This is Your Body on Plastic

Almost as challenging as getting people to get their feet on the ground and their bodies in the sun or to convince them to eat enough animal products is convincing people to ditch unnecessary plastics in their lives.

Part of this resistance is because plastics are so ubiquitous. Using plastic utensils, food and drinking containers, and (most importantly) cosmetic products that contain plasticisers has become a normal part of everyday life. The other resisting factor is that most people don’t know how harmful plastics are.

I believe it is imperative, if you want to achieve better health (especially hormonal health), to take seriously the following.

Your body has a hard time telling the difference between certain plastic compounds and it’s own natural hormones. The two most notable of these are phthalates and bisphenols, which are plasticisers – meaning they are added to plastic to make it both more durable and flexible. Th bisphenol with the most attention is bisphenol A or BPA. Compounds like phthalates and bisphenols are referred to as EDC’s in the literature (endocrine disrupting compounds). Their affects on fertility, reproduction, development, and oxidative stress have been studied and are undeniable [1, 2, 3, 4]. These compounds disrupt thyroid function [1, 2, 4], mitochondrial function [2], cholesterol metabolism [2], growth hormone production [1], sperm quality [3], and increase oxidation of fatty acids and therefore increases oxidative stress that leads to inflammation and aging. [2]

Many people are concerned about the xenoestrogenic effects of soy products (meaning they contain compounds that are recognized as estrogen but don’t naturally occur in the body). However, phthalates, bisphenols, and other plastics bind to hormone receptors with such great affinity that they are being implicated in the prevalence of estrogen dominance, thyroid disorders, and other hormonal dysfunction around the world.

One way to make an impact on a man is to tell him: “You are shrinking your testicles by wearing that cologne.” …or to a woman: “Your perfume is making your periods worse.

So how do we get away from all these plastics? Where are they found? Unfortunately, they are everywhere.

Air fresheners
Perfumes, colognes, bodysprays
Soaps, shampoos, conditioners
Lotions, hairgels, etc.
Makeup
Fake essential oils (esp. lavender)
Plastic water bottles
Receipts (don’t crinkle them up!)
Plastic bags
Lining of cans
Plastic containers (don’t heat your food in these!)
PVC pipes, water tubing
Breast implants [5, 6]
Other cosmetics and packaging

The things on this list are ubiquitous. Once you eliminate artificial fragrances and other EDC exposure from your life you are bound to notice a difference. When you do, you will become increasingly sensitive to the disruptive power of these compounds and hopefully feel inspired to tell those you know (or those you don’t know). Unfortunately, we can’t keep others from spraying whatever they want on themselves.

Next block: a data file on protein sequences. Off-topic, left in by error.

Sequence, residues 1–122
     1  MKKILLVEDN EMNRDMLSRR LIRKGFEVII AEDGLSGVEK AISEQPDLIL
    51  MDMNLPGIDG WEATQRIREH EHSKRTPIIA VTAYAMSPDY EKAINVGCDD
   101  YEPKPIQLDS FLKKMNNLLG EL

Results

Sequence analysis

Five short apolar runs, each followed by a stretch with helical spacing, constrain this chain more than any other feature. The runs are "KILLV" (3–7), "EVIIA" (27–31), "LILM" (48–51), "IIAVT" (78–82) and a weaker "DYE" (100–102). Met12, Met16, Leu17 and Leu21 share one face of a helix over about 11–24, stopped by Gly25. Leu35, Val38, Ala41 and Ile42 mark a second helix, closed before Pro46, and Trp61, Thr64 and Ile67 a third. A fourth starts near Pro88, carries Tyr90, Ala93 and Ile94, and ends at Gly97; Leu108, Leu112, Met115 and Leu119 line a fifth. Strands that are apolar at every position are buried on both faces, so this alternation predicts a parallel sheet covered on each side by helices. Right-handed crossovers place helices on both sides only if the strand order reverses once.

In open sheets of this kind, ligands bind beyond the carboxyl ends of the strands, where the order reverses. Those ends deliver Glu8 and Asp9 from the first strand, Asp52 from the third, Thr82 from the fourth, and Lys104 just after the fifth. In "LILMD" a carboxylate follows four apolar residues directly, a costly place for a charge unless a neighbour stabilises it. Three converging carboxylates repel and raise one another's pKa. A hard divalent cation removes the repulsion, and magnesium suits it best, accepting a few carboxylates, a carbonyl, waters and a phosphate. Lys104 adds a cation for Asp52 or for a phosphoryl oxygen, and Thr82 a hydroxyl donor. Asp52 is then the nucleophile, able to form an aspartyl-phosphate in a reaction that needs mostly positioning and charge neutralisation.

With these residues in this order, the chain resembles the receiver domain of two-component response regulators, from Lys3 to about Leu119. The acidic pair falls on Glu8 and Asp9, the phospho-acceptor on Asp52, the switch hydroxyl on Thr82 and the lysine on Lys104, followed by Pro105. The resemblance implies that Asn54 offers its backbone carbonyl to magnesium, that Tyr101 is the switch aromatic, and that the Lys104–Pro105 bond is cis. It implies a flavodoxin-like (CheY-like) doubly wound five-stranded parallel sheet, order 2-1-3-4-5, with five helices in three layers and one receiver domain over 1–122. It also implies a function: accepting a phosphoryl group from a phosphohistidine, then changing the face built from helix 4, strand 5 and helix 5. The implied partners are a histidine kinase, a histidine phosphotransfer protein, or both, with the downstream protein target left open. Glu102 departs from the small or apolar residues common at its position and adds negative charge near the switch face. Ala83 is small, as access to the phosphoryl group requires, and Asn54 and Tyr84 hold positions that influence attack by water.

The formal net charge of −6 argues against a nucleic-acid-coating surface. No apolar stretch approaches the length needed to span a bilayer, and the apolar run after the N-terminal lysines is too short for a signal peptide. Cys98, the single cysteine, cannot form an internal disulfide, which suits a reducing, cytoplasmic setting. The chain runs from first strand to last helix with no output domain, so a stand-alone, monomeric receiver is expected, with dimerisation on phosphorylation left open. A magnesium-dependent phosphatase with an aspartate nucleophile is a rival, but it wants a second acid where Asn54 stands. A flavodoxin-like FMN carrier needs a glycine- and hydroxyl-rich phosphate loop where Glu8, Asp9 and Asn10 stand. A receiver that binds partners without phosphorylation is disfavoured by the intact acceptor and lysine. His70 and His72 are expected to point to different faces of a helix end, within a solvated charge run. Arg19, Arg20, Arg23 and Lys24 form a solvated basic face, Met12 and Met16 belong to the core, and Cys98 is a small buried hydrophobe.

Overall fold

This is bound to be an unpopular opinion: the prevalence and strength of the perfumes and colognes that individuals wear is a public health hazard. By simply smelling another person’s artificial fragrance, your natural hormonal processing is being disrupted and your body is forced to deal with the oxidative stress. What is it doing when we spray it on our skin?

One of the simplest and most powerful steps you can take in cleansing plastics from your body is to drink (organic) green tea daily. When tea from the leaves of camelia sinensis are consumed regularly, your urine contains more plastics (as well as more heavy metals). This means they are being excreted. Similar effects occur from consuming black or white tea as well. Just drink it.

One of the other best ways to detoxify plastics from the body is to sweat. Hmm, I’m thinking of the giant infrared sauna in the sky.

My objective is not to encourage my readers to wear tin foils hats (although really, by all means, I won’t stop you). However I think the more we extricate ourselves from the toxicity of the world we live in, the more our bodies and our families and our future selves will be happy and healthy.

2 Comments Add yours

Leave a Reply

Fill in your details below or click an icon to log in:

WordPress.com Logo

You are commenting using your WordPress.com account. Log Out /  Change )

Google photo

You are commenting using your Google account. Log Out /  Change )

Twitter picture

You are commenting using your Twitter account. Log Out /  Change )

Facebook photo

You are commenting using your Facebook account. Log Out /  Change )

Connecting to %s